Supporting Others to Overcome Sexual Assault

24th of April, 2017

“It is an intense time to meet someone, but it’s immensely rewarding”

Since mid-2014 Aviva has been operating Canterbury’s Sexual Assault Support Service Canterbury (SASSC), in partnership with START. Like family violence, sexual violence is far too prevalent and the effects can be devastating and long-lasting.  

SASSC is a vital service that provides confidential and professional specialist support to women and men following either recent or historic sexual violence or abuse. Whilst paid staff provide this crucial service 9am – 5pm, Monday – Friday, sexual assault, like family violence, doesn’t keep office hours. During evenings and weekends it is a trusted, trained team of dedicated volunteers who provide SASSC.

Erin Helliwell is one of those volunteers. She started volunteering with SASSC when Aviva and START took over the service, formerly known as Safecare, in 2014. Erin was looking for volunteer work related to crisis and trauma that would be relevant to her studies in clinical psychology – SASSC certainly fitted that bill.

Erin commonly volunteers overnight on the weekend, during one of the service’s busier times. Ninety percent of her role involves being on-call on the 24-hour phone line, and accompanying people to the Cambridge Clinic for medical assessment following recent assaults. She also supports people to make Police statements.

“It is an intense time to meet someone” Erin says, “but it’s immensely rewarding. Police and doctors have their jobs to do, and we get in between and have a role that is really unique. We make the victim a cup of tea, hold their hand, and remind them they are not alone. The Police and doctors feed back how valuable that role is.”

Most of the callouts Erin attends are for acute, recent events, whilst phone support may be provided for more historical events; in those cases Erin will talk with people about what they have experienced, and refer them to Aviva’s SASSC counsellor for specialist support.

Supporting people through something so traumatic can be challenging, Erin admits. One of the hardest aspects is when there is family violence present alongside the sexual assault. “Seeing that fear for themselves in another human being is difficult; they may be scared that it will happen again. But the really positive part of the role is being able to soothe someone, and build a relationship with them when they need support – people are so grateful that you are giving them just what they need in that moment. The work pays off, even with a 2am call.”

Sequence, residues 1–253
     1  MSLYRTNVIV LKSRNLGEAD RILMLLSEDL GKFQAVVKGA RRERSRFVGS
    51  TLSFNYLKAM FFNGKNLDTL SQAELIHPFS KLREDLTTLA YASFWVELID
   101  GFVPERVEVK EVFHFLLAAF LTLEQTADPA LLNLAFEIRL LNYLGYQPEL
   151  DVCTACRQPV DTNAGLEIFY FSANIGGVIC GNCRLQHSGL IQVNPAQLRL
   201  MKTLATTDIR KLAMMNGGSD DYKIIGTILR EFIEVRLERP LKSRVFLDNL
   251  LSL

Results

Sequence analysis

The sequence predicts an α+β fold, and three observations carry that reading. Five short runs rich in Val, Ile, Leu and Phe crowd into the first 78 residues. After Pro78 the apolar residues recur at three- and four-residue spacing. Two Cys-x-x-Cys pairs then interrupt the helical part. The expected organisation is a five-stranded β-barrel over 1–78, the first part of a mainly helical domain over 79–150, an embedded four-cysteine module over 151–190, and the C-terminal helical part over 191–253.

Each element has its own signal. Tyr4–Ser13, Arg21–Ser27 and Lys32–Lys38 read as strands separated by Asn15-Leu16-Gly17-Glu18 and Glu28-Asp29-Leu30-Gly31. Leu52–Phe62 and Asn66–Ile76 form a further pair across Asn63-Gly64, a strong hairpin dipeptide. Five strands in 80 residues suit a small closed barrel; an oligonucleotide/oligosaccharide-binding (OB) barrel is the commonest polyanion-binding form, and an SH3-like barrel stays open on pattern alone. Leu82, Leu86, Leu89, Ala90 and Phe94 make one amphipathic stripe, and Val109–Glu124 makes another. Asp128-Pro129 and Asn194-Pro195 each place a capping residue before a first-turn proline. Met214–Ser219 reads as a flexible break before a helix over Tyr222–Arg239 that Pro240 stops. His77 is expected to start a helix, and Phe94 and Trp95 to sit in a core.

Erin estimates that she has volunteered almost 2,000 hours of time on the SASSC support line since mid-2014. Along with other volunteers, staff and Board members, Erin and her SASSC peers contributed 4,041 hours to Aviva in the 2015–16 year; that is equivalent to almost two years of 40-hour working weeks.

Despite being a busy woman, Erin finds SASSC easy to work into her schedule. “”The roster is good to work with – the weekend shifts are broken into four-hour shifts so you don’t have to give up a whole chunk of your weekend. It’s not constant, and together we make it work.”

Last year SASSC supported 355 people to overcome the effects of sexual assault. Aviva is currently looking to recruit more volunteers; could you be one of those special people, like Erin?

Full training is provided, following which volunteers are given a buddy (an experienced volunteer) to accompany them on their first few call outs, or more if needed. If you’re interested in finding out more about how you too can be a unique supporter of others, please email [email protected] or call 0800 AVIVA NOW.